Time Tool

The manipulative that I will be creating will be a tool for students to think, learn and solve problems about time.  I will be using the same concept of fraction circles, yet instead of labeling them with a fraction, they will be labeled with minutes.  For instance, a whole circle will be labeled “1 hour”, while two half circles will be labeled “30 minutes”.  I will also have circles fractions for 15 and 5 minutes.  Though I thought about doing 1 minute pieces, I would fear that they would be too small and for the purposes of teaching young children, may also not be safe.

The main goal of this projects is to give a concrete representation of the relationship between hours and minutes.  Using manipulatives is especially important when exploring new concepts, and sense time is a very abstract concept, it is especially pertinent that students have something concrete to work with (Van de Walle et al., 2014).  With these manipulatives, students will be better able to solve addition, subtraction, multiplication and division problems relating to time.  For instance a child may be confronted with a problem such as this:

Bob has four homework assignments.  It will take him 45 minutes to finish each assignment.  How many hours of homework does Bob have in total?

As stated in Teaching Student-Centered Mathematics, a study by Blume, Galindo and Walcott found that on the 2003 NAEP assessment, “only 26 percent of fourth graders and 55 percent of eighth-grade students could solve a problem involving the conversion of one measurement of time to another” (2014).  With Minute Minis, students would theoretically be able to make this conversion by using the pieces to model and solve the problem.  A potential way this could be modeled would be using one 30 minute piece and a 15 minute piece to show 45 minutes, then replicating this 3 other times to show 4×45.  A child might then notice that they can make 2 wholes – hours in this case –  using 4 of the 30 minute pieces and 1 whole/hour using the four 15 minute pieces, leading them to an answer of 3 hours.

Another potential use for Minute Minis is to use them to introduce clock reading.  According to the Common Core, students are only exposed to clocks to the hour or half hour in 1st grade and then later exposed to the nearest 5 minutes in 2nd (2016).  As Van de Walle et al. explains, a student who can identify 2:30 may initially be challenged by 2:33 (2014).  Likely, this is because students don’t know what 2:30 means; they might not be able to make the connection that 2:30 is 30 minutes past 2:00 or have any concept of how minutes relate to hours.  The reason why I decided to design my manipulatives in likeness of fraction circles was to ensure that they could easily translate to the face of a clock.  It is my hope that students would be able to use the Minute Minis directly on the face of a clock provided by the teacher to explore the relationship between where the minute hand is pointing and the number of minutes past the hour.  In other words, students can use the pieces to help them count, i.e. “I know that when the minute hand is pointing at the 4, it is 20 minutes past the hour because 15+5=20.  I started at the 12 on the clock and put a 15 minute and a 5 minute piece to get to 4.”  I also wanted to ensure that I used fractions that would equate to important benchmark times (15 minutes, 30 minutes), something that Van de Walle states is important in becoming a proficient clock reader (2014).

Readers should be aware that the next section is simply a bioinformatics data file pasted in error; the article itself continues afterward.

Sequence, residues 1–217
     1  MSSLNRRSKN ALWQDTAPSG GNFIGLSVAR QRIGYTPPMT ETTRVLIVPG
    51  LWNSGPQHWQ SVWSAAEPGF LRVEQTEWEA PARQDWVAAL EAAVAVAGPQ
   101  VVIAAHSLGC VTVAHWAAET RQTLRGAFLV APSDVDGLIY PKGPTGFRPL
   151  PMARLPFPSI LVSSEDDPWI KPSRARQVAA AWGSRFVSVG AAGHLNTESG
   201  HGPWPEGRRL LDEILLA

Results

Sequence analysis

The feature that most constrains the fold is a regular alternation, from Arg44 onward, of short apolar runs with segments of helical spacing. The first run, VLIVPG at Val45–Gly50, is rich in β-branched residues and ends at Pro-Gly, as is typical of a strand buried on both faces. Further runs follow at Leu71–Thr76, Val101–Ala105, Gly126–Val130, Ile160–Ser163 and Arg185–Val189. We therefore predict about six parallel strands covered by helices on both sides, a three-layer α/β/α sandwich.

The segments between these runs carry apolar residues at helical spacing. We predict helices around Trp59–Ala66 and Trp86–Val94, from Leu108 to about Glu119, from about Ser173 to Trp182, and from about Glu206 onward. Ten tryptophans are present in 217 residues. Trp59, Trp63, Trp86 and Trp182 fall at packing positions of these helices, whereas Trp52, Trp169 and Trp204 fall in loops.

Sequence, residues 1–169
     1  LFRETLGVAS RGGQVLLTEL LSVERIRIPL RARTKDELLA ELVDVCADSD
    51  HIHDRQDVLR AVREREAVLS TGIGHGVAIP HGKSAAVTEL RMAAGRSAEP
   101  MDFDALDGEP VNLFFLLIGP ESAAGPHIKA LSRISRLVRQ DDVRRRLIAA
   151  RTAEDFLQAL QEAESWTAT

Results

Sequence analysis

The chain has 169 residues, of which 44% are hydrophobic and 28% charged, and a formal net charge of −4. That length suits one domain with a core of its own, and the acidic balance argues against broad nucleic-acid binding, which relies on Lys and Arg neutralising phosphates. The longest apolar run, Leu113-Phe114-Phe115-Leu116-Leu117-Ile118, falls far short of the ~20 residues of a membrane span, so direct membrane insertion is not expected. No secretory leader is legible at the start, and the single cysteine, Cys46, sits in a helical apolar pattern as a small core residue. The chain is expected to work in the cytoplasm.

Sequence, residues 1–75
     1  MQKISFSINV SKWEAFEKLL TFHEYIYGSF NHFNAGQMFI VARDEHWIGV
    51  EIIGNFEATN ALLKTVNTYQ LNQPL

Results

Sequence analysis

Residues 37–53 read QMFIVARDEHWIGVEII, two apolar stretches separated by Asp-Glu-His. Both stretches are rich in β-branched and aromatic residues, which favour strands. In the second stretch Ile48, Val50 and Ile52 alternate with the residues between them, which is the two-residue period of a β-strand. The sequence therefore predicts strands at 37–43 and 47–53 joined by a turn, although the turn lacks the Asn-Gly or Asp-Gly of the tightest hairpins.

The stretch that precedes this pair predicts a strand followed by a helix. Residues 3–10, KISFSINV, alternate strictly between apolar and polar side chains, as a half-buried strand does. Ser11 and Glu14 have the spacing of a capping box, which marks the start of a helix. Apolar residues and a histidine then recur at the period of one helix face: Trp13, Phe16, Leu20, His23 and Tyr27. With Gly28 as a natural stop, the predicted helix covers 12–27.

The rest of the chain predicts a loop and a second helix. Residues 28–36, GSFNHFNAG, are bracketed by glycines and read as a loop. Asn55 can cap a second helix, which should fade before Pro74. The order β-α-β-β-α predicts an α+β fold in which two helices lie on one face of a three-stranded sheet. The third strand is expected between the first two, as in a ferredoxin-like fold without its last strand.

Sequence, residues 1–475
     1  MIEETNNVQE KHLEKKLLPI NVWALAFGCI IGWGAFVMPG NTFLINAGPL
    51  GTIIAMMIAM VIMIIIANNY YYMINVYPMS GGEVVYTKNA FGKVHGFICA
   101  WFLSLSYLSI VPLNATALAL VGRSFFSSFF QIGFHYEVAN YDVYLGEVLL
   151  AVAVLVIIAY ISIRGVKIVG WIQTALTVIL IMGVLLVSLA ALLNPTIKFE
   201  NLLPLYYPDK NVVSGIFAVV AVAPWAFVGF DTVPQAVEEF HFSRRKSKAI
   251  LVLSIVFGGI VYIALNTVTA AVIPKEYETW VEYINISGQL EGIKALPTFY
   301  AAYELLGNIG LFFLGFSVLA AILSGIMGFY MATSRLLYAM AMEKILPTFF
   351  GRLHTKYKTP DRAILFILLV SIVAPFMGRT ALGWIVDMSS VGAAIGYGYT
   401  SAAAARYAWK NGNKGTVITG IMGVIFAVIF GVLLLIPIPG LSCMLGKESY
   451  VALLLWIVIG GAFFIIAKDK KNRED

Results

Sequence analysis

Overall, Mini Minutes would allow students to work with time in a concrete fashion using their own uniques strategies.  If Mini Minutes is a success, students would be able to begin reading time and solve problems involving time, though not without proper support.  Students need to have a thorough understanding of the concept of time to be able to effectively work with manipulatives (Van de Walle et al., 2014).  For example, if a student were to use these manipulatives to read the time on a clock, they would first have to understand the different parts of a clock, what direction the clock spins in, etc.  If they did not, using the manipulatives would likely fail to help the child understand and solve problems with time.

As for how I intend on testing this, I happen to be giving a lesson on reading clocks in my placement in a few weeks and – if my cooperative teacher allows it – I would love to somehow incorporate my manipulatives in the classroom as a way to gage what my students know about time.  Currently, most of the 2nd graders in my class can tell time to the nearest half hour, yet I am unsure of how they know how to do this.  Is it just because they know that when the minute hand is pointing at the 6 I say _:30 and when it’s pointing at the 12 I say _:00?  Or do they have a more deeper understanding of time and how a clock works?  For example, a child in my placement who did not know the direction an analog clock goes, might use the pieces to count the minutes by starting at the 12, but going the opposite direction.  This may lead them to believe that when the minute hand is pointing at the 9, that is 15 minutes past the hour.  However, a child who has a deeper understanding, may be able to use the manipulatives to tell time to the nearest 5 minutes, even when they have only been taught to read time to the nearest half hour.  This will help me craft a lesson plan that will build on what they know.

Work Cited

Standards for Mathematical Practice. Common Core State Standards Initiative. (2016).

Retrieved October 27, 2016, from http://www.corestandards.org/Math/Practice/

Teaching Student-Centered Mathematics: Developmentally Appropriate Instruction for

Grades 3–5, 2nd Edition. Van de Walle, J., Karp, K., LouAnn, L., & Bay-Williams, J.

(2014). Boston, MA: Pearson. [ISBN-13: 978-0132824876]